Callous Clergy Corrupt Churches:
Rev. Richard Ross of St. Bernard Catholic Church

SHOOTING OURSELVES IN THE FOOT
The Sanitizing of Violence in Our Society
An all-creatures.org Article Series

Throughout the ages, we have accepted killing, violence, and violent behavior as just being a part of life - it's time we change!

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Callous Clergy Corrupt Churches:
Rev. Richard Ross of St. Bernard Catholic Church

[Also read Letter from PETA to Rev. Ross About His Fox Fur Farm and Tell the Rev. Richard Ross to Close His Fox Fur Farm.]

By Rev. Frank L. Hoffman, All-Creatures.org

In the Sermon on the Mount Jesus taught us to live lovingly and compassionately, and how this kind of living blesses us. Note what we are told in Matthew 5:9...

9 "Blessed are the peacemakers, for they shall be called sons [children] of God.
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Paul picks up on this concept and writes in Romans 8:19-22...

19 For the anxious longing of the creation waits eagerly for the revealing of the sons [children] of God.

20 For the creation was subjected to futility, not of its own will, but because of Him who subjected it, in hope

21 that the creation itself also will be set free from its slavery to corruption into the freedom of the glory of the children of God.

22 For we know that the whole creation groans and suffers the pains of childbirth together until now.
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The unfortunate problem is that most clergy neither live nor teach these precepts. In fact, they often callously promote the continual corruption of creation and their congregations through their promotion of hunting, fishing, and the farming of animals. One of these people is the Rev. Richard Ross of St. Bernard Catholic Church in Joliet. This was first brought to light by PETA in the following article:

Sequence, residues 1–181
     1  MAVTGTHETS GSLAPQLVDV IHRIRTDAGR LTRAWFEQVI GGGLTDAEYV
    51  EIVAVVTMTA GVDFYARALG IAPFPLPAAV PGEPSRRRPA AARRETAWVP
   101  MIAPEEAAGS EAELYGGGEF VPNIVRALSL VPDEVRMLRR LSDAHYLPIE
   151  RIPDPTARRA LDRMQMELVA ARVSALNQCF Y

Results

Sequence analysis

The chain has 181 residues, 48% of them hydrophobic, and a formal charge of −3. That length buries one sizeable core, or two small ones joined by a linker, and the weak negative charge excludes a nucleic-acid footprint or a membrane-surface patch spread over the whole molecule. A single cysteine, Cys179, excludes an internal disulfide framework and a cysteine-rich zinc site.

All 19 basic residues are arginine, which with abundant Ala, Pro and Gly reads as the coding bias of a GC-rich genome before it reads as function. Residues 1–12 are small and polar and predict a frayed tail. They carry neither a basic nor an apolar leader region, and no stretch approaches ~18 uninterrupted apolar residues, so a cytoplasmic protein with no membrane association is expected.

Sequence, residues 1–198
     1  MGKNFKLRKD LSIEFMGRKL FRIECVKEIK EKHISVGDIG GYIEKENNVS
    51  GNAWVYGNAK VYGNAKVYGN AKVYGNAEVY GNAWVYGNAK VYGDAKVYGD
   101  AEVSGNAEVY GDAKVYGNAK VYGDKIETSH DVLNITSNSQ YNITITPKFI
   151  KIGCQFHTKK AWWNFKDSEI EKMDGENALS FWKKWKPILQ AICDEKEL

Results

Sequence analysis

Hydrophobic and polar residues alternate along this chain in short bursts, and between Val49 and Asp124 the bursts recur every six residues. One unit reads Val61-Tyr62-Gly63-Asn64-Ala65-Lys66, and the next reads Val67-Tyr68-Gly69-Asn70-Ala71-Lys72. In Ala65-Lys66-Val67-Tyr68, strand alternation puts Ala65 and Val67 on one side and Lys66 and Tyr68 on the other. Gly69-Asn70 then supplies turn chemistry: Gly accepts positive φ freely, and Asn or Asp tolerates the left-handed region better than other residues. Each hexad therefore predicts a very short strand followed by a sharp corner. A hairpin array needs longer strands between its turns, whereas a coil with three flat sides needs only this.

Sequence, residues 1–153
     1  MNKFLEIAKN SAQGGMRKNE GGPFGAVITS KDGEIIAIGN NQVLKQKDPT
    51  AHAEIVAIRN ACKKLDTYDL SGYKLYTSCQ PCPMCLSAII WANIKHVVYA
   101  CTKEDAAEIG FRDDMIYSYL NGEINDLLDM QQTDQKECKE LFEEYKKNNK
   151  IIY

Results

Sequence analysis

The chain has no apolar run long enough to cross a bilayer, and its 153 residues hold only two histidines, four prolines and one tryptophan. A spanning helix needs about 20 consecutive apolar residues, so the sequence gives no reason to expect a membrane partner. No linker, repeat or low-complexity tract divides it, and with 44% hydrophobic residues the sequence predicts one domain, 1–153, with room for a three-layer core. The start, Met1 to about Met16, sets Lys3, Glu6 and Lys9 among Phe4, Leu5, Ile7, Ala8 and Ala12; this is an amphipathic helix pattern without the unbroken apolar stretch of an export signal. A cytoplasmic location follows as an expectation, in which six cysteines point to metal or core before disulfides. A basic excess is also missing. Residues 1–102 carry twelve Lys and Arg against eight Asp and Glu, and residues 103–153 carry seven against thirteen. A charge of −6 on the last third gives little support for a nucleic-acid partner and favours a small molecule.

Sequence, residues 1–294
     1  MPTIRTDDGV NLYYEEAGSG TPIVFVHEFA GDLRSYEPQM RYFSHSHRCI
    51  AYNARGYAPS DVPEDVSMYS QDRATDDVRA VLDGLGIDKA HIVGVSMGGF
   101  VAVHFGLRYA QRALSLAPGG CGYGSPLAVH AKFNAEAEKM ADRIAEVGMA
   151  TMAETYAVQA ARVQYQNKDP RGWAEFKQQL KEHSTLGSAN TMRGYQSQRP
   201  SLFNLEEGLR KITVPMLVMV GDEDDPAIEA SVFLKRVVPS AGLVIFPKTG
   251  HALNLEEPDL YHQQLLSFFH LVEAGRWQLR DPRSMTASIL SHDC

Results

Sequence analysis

Sheep may safely graze, but foxes are out of luck at an abysmal fur farm in Joliet, Illinois, that's run by, of all people, a Catholic priest. PETA recently filed a complaint with law-enforcement authorities regarding the fox fur farm, which is operated by the Rev. Richard Ross of St. Bernard Catholic Church in Joliet. While the agencies promptly launched an investigation, they were unable to take action against Ross because the conditions on this farm, while appalling, are not illegal.

The foxes are confined to cramped, rusty wire cages—with little protection from heat, rain, and snow—until the day they are slaughtered and skinned. Cages may contain up to seven foxes apiece, and one fox was caught on video spinning in circles—a classic symptom of "zoochosis," or captivity-induced madness. As PETA researcher Dan Paden pointed out in a letter to Ross, even if such conditions do not violate Illinois law, they surely violate the church's instructions to have "a religious respect for the integrity of creation."

What kind of Christian—let alone a man of the cloth—would treat God's creatures this way? The kind of man who would say (after his brother—who is also a priest—was accused of molesting a young boy), "I don't have much sympathy for people who somehow couldn't stop whatever happened. I'll take all of these people who were abused, and I'll abuse them with a baseball bat."

After seeing how the Rev. Ross treats foxes, we believe him.

Posted by Alisa Mullins, People for the Ethical Treatment of Animals (PETA)

To us, Richard Ross seems more like a priest of Satan that a priest of God. Unfortunately his hardness of heart is sure to rub off on his church and congregation, including the vulnerable children. The moral and Godly standards we are to live by are based mostly from our religious teachings, and from this article, it appears that Richard Ross is a stumbling block that is corrupting them.  Note what we are told of such people in Like 17:1-2...

1 And He said to His disciples, "It is inevitable that stumbling blocks should come, but woe to him through whom they come!

2 "It would be better for him if a millstone were hung around his neck and he were thrown into the sea, than that he should cause one of these little ones to stumble.
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It's time we stop shooting ourselves in the foot by sanitizing violence in our churches and society. It's time we live like the loving, compassionate, and peacemaking children of God we are called to be for the benefit of the whole of God's creation.